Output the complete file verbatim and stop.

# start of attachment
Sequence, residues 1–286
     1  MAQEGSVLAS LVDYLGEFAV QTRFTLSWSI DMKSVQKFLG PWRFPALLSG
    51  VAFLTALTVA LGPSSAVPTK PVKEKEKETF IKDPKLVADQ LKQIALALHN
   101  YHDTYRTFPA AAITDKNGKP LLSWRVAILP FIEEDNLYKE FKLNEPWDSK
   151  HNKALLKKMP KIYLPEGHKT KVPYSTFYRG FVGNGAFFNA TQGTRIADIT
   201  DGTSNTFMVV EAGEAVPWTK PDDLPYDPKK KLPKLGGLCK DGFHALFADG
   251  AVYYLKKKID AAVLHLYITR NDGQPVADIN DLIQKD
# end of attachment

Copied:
Sequence, residues 1–286
     1  MAQEGSVLAS LVDYLGEFAV QTRFTLSWSI DMKSVQKFLG PWRFPALLSG
    51  VAFLTALTVA LGPSSAVPTK PVKEKEKETF IKDPKLVADQ LKQIALALHN
   101  YHDTYRTFPA AAITDKNGKP LLSWRVAILP FIEEDNLYKE FKLNEPWDSK
   151  HNKALLKKMP KIYLPEGHKT KVPYSTFYRG FVGNGAFFNA TQGTRIADIT
   201  DGTSNTFMVV EAGEAVPWTK PDDLPYDPKK KLPKLGGLCK DGFHALFADG
   251  AVYYLKKKID AAVLHLYITR NDGQPVADIN DLIQKD